I couldn’t take it anymore. My surroundings were whizzing past my eyeballs quicker than my brain could process. Instead of relenting and slowing down, I thought maybe an upshift would bring the engine speed lower and give me a moment to recalibrate. But before clicking up a gear I had to glance down at the tach to see how fast the engine was spinning. It was somewhere around 10-11,000 rpm. That’s pretty fast for most motorcycles, especially those displacing 1103 cc – but the Desmosedici Stradale inside the 2020 Ducati Streetfighter V4S I’m piloting shows an (indicated) redline of 14,500 rpm. I still had over 4,000 rpm left to melt my brain! Incredible.
One man’s Scrambler is another man’s cafe racer. What? I don’t really know. Scrambler maybe means something different in Italy, where that nomenclature encompasses entry-level Ducs with off-roady aspirations as well as cafe raceresque ones. What they all have in common is a two-valve per cylinder version of Ducati’s classic air-cooled V-twin, ranging in size from 399 cc all the way up to the 1079 cc of this lovely new 1100 Sport PRO Ducati loaned us for a few days. I’m down. I’ve been a big fan of air-cooled Ducatis since before there were liquid-cooled Ducatis.
It’s been said dozens of times, many different ways. The definition of adventure is unique to the person defining it. Like fingerprints, no two answers will be identical. Case in point: the KTM Adventure 790 R, BMW F 850 GS Adventure, and Triumph Tiger 900 Rally Pro. These bikes make up three-quarters of the burgeoning middleweight adventure category. These motorcycles comprise a niche within a popular category, yet within a few miles of riding each bike, it’s remarkable just how differently each brand approaches the task. The core philosophy of each marque shines through in these machines and plainly portrays how its part of the world, and the people riding there, define adventure.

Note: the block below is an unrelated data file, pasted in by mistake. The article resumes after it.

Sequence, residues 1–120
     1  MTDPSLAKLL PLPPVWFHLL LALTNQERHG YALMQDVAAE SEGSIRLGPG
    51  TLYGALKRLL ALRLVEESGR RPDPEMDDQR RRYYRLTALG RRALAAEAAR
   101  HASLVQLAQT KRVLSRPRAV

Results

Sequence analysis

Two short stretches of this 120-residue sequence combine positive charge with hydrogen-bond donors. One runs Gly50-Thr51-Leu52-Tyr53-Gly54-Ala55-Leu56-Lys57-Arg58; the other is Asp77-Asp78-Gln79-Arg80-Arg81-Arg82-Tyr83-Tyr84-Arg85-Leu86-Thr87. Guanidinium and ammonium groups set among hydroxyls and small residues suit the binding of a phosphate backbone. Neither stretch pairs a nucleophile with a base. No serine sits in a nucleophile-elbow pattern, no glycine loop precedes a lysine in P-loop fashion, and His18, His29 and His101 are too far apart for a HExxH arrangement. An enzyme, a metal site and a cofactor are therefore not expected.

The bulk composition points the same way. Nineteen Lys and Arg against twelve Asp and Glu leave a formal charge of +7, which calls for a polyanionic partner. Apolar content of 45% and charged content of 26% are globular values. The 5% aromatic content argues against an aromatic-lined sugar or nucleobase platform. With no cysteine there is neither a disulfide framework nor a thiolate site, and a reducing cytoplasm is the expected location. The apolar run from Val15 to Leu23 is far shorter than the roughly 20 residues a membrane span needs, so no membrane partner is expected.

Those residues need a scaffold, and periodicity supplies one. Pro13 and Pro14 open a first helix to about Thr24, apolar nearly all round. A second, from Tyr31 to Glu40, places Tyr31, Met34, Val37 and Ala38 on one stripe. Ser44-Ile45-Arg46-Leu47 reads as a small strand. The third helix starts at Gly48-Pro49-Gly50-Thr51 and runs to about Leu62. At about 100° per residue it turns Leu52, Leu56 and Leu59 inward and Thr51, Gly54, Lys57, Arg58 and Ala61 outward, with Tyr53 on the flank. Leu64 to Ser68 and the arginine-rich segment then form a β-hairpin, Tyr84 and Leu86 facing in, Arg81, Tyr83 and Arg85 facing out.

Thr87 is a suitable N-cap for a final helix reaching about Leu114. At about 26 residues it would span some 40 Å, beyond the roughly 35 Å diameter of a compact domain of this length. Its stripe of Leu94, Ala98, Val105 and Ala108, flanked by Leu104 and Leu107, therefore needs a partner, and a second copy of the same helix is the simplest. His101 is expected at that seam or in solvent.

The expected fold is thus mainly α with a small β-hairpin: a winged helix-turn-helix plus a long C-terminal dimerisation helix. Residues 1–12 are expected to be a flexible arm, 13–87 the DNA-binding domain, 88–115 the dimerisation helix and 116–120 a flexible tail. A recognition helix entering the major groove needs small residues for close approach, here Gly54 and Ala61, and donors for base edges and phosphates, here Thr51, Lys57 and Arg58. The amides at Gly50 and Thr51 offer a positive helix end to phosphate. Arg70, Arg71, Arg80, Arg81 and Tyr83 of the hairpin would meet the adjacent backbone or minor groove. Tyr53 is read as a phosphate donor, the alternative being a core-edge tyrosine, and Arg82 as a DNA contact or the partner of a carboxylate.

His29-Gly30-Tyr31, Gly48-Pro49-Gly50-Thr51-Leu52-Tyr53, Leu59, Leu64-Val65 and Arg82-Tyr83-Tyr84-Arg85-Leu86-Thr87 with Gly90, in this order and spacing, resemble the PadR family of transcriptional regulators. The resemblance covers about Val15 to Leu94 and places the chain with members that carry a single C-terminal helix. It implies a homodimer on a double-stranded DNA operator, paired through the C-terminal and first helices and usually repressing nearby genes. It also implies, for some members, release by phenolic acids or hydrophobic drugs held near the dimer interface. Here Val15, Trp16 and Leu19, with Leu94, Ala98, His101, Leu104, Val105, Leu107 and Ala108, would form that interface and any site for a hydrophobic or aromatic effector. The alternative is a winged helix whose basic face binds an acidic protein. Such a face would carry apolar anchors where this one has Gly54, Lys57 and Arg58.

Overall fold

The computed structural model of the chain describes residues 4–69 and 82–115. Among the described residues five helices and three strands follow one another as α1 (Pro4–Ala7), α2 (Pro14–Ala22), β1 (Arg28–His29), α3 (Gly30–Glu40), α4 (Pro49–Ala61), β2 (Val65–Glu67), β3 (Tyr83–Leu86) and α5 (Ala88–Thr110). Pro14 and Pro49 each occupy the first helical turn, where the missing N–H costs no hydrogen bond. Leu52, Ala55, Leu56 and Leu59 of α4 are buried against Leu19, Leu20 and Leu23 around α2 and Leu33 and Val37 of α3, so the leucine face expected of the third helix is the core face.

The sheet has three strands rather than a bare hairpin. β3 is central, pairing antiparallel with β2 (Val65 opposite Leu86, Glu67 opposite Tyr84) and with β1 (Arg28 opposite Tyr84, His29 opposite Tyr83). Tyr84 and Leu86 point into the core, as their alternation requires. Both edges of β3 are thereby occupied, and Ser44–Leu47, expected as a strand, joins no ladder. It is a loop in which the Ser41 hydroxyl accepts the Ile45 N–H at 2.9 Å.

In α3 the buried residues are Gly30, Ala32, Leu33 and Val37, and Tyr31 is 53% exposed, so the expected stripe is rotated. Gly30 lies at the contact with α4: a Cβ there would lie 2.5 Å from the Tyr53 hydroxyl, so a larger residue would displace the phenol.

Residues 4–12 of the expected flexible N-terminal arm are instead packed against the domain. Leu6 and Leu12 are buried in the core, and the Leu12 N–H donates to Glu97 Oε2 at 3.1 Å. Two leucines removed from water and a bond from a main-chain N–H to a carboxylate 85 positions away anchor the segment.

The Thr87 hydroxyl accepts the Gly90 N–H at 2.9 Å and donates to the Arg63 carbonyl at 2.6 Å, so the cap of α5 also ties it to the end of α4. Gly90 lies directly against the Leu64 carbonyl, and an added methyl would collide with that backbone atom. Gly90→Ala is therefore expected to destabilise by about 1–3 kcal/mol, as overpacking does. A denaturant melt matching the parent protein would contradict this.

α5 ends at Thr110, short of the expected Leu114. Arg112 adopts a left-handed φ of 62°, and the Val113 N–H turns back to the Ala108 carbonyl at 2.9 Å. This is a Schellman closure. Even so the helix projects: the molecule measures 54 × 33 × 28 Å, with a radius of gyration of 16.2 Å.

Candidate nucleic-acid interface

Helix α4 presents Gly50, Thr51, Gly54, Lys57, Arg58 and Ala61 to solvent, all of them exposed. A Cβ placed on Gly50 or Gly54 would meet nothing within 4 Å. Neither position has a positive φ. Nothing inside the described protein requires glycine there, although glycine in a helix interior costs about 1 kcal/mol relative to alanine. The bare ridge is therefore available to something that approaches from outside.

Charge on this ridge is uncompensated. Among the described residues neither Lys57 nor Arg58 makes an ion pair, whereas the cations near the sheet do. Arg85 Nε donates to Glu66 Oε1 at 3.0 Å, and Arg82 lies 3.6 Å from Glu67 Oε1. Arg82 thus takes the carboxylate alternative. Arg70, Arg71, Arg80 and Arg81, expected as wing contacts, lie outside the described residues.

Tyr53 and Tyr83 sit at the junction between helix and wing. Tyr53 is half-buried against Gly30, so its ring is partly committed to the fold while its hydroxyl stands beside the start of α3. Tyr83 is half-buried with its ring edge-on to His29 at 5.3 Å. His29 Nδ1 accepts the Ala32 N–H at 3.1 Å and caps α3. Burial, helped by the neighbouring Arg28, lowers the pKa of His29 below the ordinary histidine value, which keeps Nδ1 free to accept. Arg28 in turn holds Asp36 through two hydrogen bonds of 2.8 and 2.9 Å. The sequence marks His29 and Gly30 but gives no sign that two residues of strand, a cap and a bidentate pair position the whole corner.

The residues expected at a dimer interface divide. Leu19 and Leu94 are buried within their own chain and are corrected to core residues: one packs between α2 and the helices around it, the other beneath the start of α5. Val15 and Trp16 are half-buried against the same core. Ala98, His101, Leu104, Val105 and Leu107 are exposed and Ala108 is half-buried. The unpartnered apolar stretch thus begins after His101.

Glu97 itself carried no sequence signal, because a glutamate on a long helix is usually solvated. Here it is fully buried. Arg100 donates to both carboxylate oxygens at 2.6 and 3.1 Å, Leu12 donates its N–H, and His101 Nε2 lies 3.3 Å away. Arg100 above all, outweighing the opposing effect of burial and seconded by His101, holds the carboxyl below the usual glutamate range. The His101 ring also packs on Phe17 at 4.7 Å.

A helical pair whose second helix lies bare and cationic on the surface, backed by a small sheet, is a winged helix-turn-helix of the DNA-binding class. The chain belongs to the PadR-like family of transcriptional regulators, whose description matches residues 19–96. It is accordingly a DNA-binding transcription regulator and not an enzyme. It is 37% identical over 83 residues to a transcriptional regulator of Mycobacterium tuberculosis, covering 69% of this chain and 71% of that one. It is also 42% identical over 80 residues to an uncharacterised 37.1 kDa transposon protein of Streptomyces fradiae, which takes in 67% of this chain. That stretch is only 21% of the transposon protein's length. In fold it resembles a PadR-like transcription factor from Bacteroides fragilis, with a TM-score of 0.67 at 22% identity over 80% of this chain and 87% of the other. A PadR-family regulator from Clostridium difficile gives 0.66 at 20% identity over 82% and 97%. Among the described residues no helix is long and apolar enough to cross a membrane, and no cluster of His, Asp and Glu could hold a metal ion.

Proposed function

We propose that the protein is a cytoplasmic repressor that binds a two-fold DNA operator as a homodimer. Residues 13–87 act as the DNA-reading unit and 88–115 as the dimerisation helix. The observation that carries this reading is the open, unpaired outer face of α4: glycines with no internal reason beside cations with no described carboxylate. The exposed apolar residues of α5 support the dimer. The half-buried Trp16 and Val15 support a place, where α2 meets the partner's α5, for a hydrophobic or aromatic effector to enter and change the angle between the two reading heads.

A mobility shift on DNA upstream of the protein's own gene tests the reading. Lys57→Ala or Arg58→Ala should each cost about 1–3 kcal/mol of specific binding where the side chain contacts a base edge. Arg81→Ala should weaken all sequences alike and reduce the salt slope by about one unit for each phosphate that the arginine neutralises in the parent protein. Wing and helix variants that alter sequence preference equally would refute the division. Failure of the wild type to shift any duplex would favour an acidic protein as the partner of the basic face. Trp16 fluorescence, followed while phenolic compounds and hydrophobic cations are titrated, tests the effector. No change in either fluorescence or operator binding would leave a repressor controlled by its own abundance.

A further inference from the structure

We’ve all experienced the exciting period of a new motorcycle relationship where all we want to do is ride together. Unfortunately, Tom Dean has found his new Italian love affair during a pandemic lockdown. Still, it sounds as if the two of them are making the best of the time.
Indian announced a new FTR 1200 variant with carbon fiber bodywork for international markets. As of this writing, the 2020 Indian FTR Carbon has not been confirmed for the U.S., though that may change at any moment. Right now, the Carbon model has only officially been confirmed for Indian’s Europe, Middle East and Africa division. We can confirm that it has also been certified for Australia.